Fall Prevention Tips for Seniors
The most complex system ever constructed is the human body. The more we understand it, the more we understand just how incredible it is. Our bodies usually do an excellent job of serving us throughout life. Our bodies miraculously continue to endure everyday wear and damage and recuperate (although more slowly) from injuries and operations. Our muscle mass and balance peak in our twenties, but declines as we age. Later in life we need to be proactive in applying fall prevention strategies for seniors.
It is totally normal and anticipated for older adults to lose some strength and balance as they age. Unfortunately, this raises our chance of falling since, despite our bodies’ resilience, this lowers our equilibrium. In reality, 1 in 4 elderly people reported falling, accounting for around 36 million falls annually, with 8 million of those resulting in injuries necessitating medical attention. Furthermore, 50% of seniors who fall will probably do it again.
Prioritize Preventing Falls
The most crucial lesson from these depressing or even unsettling figures is that improving your balance and strength now will pay dividends in the long run in a number of ways. Evidence suggests that older adults who participate in structured fall prevention programs in community-living settings, especially those older adults who are in high-risk groups (those who have fallen before or who have a fear of falling), stand to gain the most and can lower the number of falls.
Here are some great recommendations from the Silverbell Homestead team of specialists to help reduce your fear of falling and improve your understanding of fall prevention for elders.
1. Preventative Measures
- Get rid of the clutter: Make sure the floor is free of anything that could cause you to stumble or fall, including furniture, electrical cords, and other items. Make sure your home’s walkways are wide enough for your assistive device if you use a walker or cane.
Make sure the lighting in your living, bathroom, and sleeping spaces is bright enough and that the on/off switches are not difficult to reach. Along the path to the restroom, you might want to think about installing nightlights.
- Roll the carpets up: It’s time to remove the area rugs, which can pose a risk of falling. You run the risk of tripping over turned-up, and frayed rug ends with your toes or mobility aids (a walker or cane).
You should be able to comfortably and slowly sit down in your favorite chair and on the toilet without “falling” onto the seat. Any chairs with wheels should be avoided since they can move while you are in the process of sitting or standing.
- Install grab bars in the bathroom: Make sure your tub or shower mat is non-slip both inside and out.
- Solid railings: Make sure that all indoor and outdoor steps have railings that are installed and that are fastened securely.
2. Reminders on Physical Fitness
Do’s for dizziness: Do you occasionally feel lightheaded when you first stand or sit up? Sit up or stand carefully until you feel stable. Do you take any medications that could make you queasy? Request a review of your prescriptions from your physician or pharmacist.
Help with hypertension, To begin with, if you take blood pressure medication, take it exactly as prescribed in order to lessen or avoid symptoms. Next, consume lots of liquids to hydrate yourself and prevent dehydration by boosting blood volume.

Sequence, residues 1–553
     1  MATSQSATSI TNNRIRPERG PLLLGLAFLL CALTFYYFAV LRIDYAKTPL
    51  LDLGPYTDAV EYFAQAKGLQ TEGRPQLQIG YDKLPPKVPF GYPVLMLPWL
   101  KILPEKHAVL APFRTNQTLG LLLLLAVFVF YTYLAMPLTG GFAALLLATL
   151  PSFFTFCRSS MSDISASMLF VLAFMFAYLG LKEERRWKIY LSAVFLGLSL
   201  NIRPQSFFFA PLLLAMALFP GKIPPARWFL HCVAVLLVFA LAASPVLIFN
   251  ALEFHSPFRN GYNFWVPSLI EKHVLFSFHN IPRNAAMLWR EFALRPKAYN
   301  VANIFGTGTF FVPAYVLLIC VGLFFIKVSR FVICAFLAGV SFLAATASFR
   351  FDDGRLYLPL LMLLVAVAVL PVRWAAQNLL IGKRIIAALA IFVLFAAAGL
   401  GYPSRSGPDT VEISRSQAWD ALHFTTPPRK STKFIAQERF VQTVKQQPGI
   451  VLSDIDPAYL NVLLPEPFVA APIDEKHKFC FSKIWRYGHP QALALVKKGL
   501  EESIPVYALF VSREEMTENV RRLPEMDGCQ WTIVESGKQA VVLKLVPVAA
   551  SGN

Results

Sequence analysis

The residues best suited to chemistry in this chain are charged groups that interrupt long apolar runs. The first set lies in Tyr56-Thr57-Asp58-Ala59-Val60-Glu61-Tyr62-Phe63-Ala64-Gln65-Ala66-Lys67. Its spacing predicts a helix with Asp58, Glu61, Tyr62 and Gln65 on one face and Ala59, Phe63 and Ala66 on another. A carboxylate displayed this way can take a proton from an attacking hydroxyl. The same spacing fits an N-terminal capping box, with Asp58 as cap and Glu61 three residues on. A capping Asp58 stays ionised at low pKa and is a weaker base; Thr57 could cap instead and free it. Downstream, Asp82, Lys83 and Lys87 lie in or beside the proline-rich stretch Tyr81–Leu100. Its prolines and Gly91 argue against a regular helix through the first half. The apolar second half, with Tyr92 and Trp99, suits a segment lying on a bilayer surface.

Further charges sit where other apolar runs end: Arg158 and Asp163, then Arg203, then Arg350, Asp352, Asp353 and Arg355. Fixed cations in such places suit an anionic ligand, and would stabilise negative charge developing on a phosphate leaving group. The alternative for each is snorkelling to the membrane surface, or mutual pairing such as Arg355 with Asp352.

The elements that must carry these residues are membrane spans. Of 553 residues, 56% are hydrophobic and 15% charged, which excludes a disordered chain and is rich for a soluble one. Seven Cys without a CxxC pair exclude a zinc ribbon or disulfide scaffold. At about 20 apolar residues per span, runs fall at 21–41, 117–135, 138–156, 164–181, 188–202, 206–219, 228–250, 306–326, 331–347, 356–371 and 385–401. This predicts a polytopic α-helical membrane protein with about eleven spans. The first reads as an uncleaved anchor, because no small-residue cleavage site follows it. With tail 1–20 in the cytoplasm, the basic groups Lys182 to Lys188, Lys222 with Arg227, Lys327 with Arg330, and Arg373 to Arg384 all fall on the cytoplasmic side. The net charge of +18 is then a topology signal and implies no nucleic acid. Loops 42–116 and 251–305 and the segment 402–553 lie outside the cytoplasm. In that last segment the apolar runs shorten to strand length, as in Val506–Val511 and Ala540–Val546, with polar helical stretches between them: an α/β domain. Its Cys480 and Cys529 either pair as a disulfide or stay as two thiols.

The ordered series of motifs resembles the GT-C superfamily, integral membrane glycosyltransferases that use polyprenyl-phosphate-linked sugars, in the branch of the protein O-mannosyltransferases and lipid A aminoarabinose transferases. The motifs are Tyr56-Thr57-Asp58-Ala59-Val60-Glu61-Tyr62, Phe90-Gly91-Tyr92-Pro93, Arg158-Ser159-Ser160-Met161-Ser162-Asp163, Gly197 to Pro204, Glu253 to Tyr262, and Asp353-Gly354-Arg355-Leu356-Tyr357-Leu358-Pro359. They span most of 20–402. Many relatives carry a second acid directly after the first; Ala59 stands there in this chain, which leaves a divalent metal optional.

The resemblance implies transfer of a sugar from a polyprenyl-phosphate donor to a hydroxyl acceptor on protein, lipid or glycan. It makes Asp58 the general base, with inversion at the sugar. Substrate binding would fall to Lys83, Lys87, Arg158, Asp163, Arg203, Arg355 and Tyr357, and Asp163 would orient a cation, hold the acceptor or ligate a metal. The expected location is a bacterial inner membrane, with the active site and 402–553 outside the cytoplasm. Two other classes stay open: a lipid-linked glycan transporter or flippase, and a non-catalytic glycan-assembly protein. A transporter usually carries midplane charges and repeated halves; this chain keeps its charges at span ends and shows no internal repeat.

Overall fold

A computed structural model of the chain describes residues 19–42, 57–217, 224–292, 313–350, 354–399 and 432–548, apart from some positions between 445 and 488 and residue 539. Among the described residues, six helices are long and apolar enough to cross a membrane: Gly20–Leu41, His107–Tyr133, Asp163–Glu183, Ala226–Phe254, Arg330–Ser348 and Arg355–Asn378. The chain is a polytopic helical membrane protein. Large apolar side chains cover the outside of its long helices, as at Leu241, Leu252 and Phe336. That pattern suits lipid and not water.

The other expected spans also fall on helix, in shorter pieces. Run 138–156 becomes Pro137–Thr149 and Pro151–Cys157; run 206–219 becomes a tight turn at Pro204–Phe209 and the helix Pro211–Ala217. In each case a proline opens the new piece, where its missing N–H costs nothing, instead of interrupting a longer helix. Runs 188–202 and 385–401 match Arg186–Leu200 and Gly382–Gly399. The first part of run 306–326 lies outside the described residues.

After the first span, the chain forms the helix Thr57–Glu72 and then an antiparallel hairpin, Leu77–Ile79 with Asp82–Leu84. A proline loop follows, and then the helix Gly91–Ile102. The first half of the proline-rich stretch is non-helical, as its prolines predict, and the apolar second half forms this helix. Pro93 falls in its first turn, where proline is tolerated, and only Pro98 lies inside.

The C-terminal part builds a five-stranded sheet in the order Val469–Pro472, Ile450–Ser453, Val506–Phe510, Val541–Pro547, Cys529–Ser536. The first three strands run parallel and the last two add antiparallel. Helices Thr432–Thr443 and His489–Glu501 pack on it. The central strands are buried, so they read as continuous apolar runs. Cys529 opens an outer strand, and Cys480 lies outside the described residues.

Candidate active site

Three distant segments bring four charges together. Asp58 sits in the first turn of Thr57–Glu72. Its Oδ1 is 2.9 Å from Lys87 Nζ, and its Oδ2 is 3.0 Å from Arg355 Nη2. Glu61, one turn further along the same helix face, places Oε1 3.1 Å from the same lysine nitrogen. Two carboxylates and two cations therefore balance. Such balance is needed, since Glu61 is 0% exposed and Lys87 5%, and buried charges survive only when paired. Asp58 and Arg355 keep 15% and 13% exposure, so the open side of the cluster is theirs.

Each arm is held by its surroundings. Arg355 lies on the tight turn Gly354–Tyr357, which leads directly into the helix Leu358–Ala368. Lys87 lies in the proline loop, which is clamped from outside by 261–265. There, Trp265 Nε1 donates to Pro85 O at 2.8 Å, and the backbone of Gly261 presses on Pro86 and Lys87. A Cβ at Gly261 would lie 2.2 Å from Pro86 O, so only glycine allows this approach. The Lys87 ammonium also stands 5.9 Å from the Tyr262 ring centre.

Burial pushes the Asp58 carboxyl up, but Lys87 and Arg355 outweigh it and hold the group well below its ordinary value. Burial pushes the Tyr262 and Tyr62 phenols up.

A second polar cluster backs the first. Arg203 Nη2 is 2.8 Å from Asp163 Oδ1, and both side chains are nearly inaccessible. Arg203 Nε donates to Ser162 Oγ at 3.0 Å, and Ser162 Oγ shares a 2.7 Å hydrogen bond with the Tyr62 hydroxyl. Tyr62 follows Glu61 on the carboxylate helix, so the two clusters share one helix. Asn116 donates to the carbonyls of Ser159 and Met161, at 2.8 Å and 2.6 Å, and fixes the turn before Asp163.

Strength = Movement: One of the most crucial factors in maintaining strength and preventing falls is mobility. Walk as often as you can and strengthen your muscles by lifting weights. To discover the ideal amounts for you, consult a physical or occupational therapist.
3. Take Safety Measures to Prevent Falls While Outdoors
Take a look at the temperature: Be mindful of the increasing temperatures. Even merely sitting in the sun during really hot weather can dehydrate you and throw off your balance. Keep in mind that low temperatures throughout the winter can cause conditions where you are more likely to fall, so be aware of that increased risk.
Terrain awareness: Take extra precautions and extra time (as well as your walking aid) if you must cross soft or uneven terrain.
4. Prior Planning
You know your body and habits: Make a restroom strategy if you frequently experience a sudden urge to use the facilities and find yourself rushing to the restroom. Making a plan in advance will lessen the need to hurry, and you may possibly avoid a fall.
Bring your phone along: So that you won’t have to rush to answer a call, have a phone nearby.
Talk to your family members: It’s crucial to request patience from your friends and family when they knock on your door. You don’t want to feel rushed, so ask them to give you a few additional minutes to respond.
5. Have Your Mobility Aid Ready
Even if you only need to take a few feet, keep your walking aid with you. If you’re carrying something, it’s important to have this aid.
Stop letting an imbalance impairment lower your quality of life.
You can decrease and even eliminate your risk of falling by adopting these changes to your daily routines and outdoor and indoor environments. Additionally, if you reside in an assisted living community, there is a good possibility that you have access to a physical therapy and fitness center, where you can participate in programs that can help your strength and range of motion. All of which can aid in preventing falls that might result in injuries, allowing you to preserve the greatest amount of independence.
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